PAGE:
Malouf: New Middle Eastern Food by Gregg and Lucy Malouf
Any book put together by the Maloufs will inspire you to make Middle Eastern food and make you want to travel. Their books are always beautiful to look at, and the food, deceptively simple, tastes magic. This is my interpretation of one of their dips.
Spinach, turmeric and golden raisin dip
1. Soak 2 tbsp of golden raisins in warm water for 15 minutes, then drain.
2. Finely chop 2 large shallots and fry in a little olive oil until soft and translucent.
3. Stir in ¼ teaspoon of turmeric and the drained raisins, fry another couple of minutes then set aside to cool.
4. Blanch 250g of spinach leaves in salted water for 20 seconds, run under cold water and squeeze tightly to extract as much water as you can.
5. Chop the spinach finely and mix in 200g of thick natural yoghurt. Season with salt, pepper and lemon juice.
6. Mound the spinach mix onto a platter or in a bowl, top with the turmeric raisins and serve with some pita bread.
A honey of a cut
It's too graphic to put on the page, but at a recent Pork Board demonstration a whole pig was butchered into its various cuts. It inspired me to support the local butcher who can offer individual quantities of meats and cuts not provided on pre-portioned plastic trays in supermarkets.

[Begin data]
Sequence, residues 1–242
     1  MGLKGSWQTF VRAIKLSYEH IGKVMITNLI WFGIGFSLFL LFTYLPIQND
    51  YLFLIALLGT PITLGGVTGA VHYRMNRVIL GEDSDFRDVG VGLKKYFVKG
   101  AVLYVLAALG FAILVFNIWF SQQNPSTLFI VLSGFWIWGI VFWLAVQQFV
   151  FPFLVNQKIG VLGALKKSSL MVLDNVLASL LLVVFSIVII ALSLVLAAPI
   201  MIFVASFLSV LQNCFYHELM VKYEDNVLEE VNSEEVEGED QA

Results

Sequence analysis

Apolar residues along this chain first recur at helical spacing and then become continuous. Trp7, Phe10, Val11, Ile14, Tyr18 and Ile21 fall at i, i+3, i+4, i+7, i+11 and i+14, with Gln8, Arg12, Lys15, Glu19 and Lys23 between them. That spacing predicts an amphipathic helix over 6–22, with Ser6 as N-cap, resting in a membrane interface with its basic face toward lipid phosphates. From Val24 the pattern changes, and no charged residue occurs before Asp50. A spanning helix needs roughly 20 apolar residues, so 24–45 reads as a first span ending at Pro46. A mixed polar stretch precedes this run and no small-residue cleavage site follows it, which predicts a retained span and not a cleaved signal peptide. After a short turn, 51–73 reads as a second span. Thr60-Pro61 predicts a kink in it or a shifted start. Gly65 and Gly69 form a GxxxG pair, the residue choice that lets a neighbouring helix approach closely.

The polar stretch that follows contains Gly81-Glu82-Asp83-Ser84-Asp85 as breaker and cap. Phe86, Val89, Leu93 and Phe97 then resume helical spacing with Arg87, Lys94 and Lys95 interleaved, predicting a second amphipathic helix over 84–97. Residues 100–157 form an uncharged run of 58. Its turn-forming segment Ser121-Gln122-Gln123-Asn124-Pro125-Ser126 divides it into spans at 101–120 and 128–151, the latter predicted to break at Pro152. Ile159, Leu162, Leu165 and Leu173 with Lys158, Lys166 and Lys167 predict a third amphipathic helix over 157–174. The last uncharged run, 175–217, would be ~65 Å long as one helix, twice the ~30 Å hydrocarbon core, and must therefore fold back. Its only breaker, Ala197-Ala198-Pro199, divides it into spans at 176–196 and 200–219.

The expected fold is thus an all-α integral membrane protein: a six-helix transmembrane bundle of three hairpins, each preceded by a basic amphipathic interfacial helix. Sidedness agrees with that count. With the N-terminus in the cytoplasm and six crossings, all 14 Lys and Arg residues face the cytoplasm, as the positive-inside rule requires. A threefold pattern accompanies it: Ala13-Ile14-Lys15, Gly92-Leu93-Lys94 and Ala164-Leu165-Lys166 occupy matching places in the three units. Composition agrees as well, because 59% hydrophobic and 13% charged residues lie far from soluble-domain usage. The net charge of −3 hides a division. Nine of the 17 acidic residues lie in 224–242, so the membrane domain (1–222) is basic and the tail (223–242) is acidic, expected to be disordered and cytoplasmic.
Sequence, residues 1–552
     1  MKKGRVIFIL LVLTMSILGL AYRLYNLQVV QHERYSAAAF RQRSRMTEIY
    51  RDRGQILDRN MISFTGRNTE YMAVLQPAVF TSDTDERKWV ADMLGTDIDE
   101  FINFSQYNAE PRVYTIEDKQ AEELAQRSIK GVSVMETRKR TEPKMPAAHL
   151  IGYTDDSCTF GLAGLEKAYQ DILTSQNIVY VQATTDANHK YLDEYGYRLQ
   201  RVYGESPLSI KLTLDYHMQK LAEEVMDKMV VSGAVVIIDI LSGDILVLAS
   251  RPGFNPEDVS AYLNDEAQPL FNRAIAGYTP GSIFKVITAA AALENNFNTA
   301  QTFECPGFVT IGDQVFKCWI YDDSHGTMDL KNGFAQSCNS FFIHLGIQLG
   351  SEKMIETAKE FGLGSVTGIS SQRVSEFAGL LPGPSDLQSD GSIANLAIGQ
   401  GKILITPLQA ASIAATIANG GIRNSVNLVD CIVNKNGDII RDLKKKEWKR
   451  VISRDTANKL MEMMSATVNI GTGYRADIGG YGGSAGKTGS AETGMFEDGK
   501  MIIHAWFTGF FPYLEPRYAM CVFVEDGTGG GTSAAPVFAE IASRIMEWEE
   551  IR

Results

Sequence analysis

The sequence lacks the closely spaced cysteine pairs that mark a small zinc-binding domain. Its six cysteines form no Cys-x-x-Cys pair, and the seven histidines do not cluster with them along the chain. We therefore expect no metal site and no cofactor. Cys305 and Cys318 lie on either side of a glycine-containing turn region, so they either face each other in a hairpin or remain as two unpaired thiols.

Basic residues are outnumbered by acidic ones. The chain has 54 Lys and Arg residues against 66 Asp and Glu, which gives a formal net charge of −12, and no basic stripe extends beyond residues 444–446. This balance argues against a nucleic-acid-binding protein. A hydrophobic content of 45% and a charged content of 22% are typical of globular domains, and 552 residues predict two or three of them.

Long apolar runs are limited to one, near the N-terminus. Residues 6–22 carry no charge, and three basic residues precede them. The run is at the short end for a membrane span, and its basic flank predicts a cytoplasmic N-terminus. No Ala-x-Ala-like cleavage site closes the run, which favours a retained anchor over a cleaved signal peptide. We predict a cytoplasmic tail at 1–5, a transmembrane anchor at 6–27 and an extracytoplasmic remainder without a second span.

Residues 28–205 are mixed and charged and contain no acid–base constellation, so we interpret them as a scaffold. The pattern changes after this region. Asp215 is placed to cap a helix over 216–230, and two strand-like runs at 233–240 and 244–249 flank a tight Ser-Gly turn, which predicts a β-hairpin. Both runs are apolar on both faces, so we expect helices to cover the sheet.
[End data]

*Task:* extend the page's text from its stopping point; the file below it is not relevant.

Chef Nick Honeyman then demonstrated a pig's head brawn and a confit of pig's tail. This is probably a bit adventurous for the home cook, however Honeyman had a great tip to achieve perfect crackling.
1. Any pork roast needs to dry, uncovered, in the fridge for at least a few hours before cooking, preferably overnight.
2. Once the meat has roasted remove it from the oven and allow to rest. Remove the skin-fat layer and put between two baking trays, sandwiched between baking paper.
3. Try and squeeze the two trays between one rung of the oven. Have the oven set on at least 180C and in 15 minutes or so you will achieve a perfect sheet of crackling.
Now that's a great idea if I ever heard one.